The Tunisian ruler has fled into exile. The headquarters of Egypt’s ruling party were lit on fire. The police have been withdrawn from the streets.
So — another regime toppled? Should we be worrying about a Muslim Brotherhood takeover?
Maybe. But despite the arresting images on TV, regime survival remains the better bet. The army still supports the regime, and the army has determined the outcome of Egyptian power struggles since the Mamluks of the Middle Ages. So it’s also worth considering: What if the regime survives? What then?
This week’s protests remind us that dictatorships do not deliver stability. Dictatorships do not make reliable allies over the long term. Egypt’s friends should be planning — should have planned long ago–for a transition to a more representative form of government.
Other poor countries have made such transitions: Mexico in the 1990s, for example. Egypt is poor, yes, but so were the Baltic republics at the time they made their democratic transition after the collapse of the Soviet Union.
The Western world should be urging the regime against its plans to bequeath Egypt from Hosni Mubarak to his son Gamal, like some kind of family estate.
Above all, what’s needed is pressure and aid to accelerate Egypt’s already impressive transition to a more open economy that grows faster and creates more jobs.
Egypt’s GDP per capita has almost doubled since the advent of Hosni Mubarak after the 1981 assassination of Anwar Sadat — an achievement all the more impressive because Egypt’s population has doubled over those same 30 years, from almost 42 million to almost 81 million.
Growth has been especially rapid over the past decade, boosted by discoveries of oil and gas, now Egypt’s most important exports.
But since 2008, Egypt has been hit hard. The Egyptian pound is linked to the dollar. As the dollar has declined against other world currencies, food prices in Egypt have risen.
Egypt is not more corrupt than it was a month ago. The Mubarak regime has not become more authoritarian. But the price of bread and cooking oil has been rising, and rising faster than wages.
If the regime survives, so will all those problems. It will be tempting to the Mubarak regime to buy a little temporary popularity with populist-nationalist economic policies: more food subsidies, more hiring of college graduates by already over-staffed government bureaucracies, less privatization of state industries. That’s the path followed by the oil states of the Persian Gulf, and their rulers lead quiet, wealthy lives.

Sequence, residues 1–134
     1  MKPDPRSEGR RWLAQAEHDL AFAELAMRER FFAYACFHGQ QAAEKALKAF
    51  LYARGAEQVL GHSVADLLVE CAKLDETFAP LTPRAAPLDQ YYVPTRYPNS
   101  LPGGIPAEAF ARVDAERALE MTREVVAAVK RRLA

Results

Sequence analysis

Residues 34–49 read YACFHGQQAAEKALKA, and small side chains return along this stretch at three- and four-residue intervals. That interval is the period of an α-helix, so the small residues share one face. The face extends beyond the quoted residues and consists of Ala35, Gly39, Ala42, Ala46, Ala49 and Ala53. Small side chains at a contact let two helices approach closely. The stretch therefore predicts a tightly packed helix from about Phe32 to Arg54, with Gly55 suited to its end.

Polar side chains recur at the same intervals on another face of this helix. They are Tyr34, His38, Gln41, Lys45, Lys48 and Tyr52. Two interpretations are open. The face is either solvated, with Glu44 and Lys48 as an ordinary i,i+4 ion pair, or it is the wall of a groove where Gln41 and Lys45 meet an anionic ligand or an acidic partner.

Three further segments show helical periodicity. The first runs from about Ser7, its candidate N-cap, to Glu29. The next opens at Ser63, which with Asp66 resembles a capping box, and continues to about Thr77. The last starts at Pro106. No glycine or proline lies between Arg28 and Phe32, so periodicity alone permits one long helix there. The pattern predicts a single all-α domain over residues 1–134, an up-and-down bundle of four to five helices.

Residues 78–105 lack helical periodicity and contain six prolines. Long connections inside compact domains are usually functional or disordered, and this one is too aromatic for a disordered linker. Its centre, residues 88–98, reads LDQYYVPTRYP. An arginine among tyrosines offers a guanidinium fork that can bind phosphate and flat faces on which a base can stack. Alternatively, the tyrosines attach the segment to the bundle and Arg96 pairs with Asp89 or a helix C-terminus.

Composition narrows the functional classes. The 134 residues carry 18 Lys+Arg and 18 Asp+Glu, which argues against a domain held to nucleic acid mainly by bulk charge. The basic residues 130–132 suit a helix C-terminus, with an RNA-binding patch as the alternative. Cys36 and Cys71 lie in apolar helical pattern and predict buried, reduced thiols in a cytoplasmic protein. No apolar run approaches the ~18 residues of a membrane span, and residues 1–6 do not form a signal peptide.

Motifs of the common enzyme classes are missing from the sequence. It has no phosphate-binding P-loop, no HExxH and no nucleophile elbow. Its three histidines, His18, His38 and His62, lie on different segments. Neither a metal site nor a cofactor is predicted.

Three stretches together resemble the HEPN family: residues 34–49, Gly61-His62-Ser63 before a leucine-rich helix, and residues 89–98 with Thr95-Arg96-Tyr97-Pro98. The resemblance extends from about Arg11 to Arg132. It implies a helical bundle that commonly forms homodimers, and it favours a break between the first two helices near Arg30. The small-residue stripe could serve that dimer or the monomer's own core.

But Egypt does not have enough oil and too many people for that solution to work for very long. It cannot afford to buy acquiescence. It must earn consent. And that means gradually bringing more and more of the population into politics.
The New York Times reports on how power is monopolized in Egypt: “In local council elections in 2008, there were 52,000 open seats. Government decisions to disqualify candidates meant that 43,600 seats were uncontested and awarded to the ruling party. Out of a total of 51,546 seats, the ruling party won 99.13%.
“In midterm elections for one-third of the Shura Council, the upper house of Parliament, held in 2007, the first elections to be held after the constitutional amendments removed judges from supervising the electoral process, a total of 88 seats were open. The results: 84 seats for the ruling N.D.P., 1 seat for Tagammu, a small opposition party, and 3 seats for N.D.P. members who ran as independent candidates.”
And that is in addition to Egypt’s notoriously rigged presidential elections. Honest council elections would constitute an important first step toward reform. So would a guarantee that Gamal Mubarak will not succeed Hosni as president. But nothing would help more than a U.S.-led global recovery, more open trade, more demand for Egyptian exports and a surge in Egypt’s food-buying power.
Whether this time next week we are facing a new Egyptian regime — or a bloodier version of the existing regime — either way, Egypt will face those continuing challenges of political and economic reform.
Originally published in the National Post.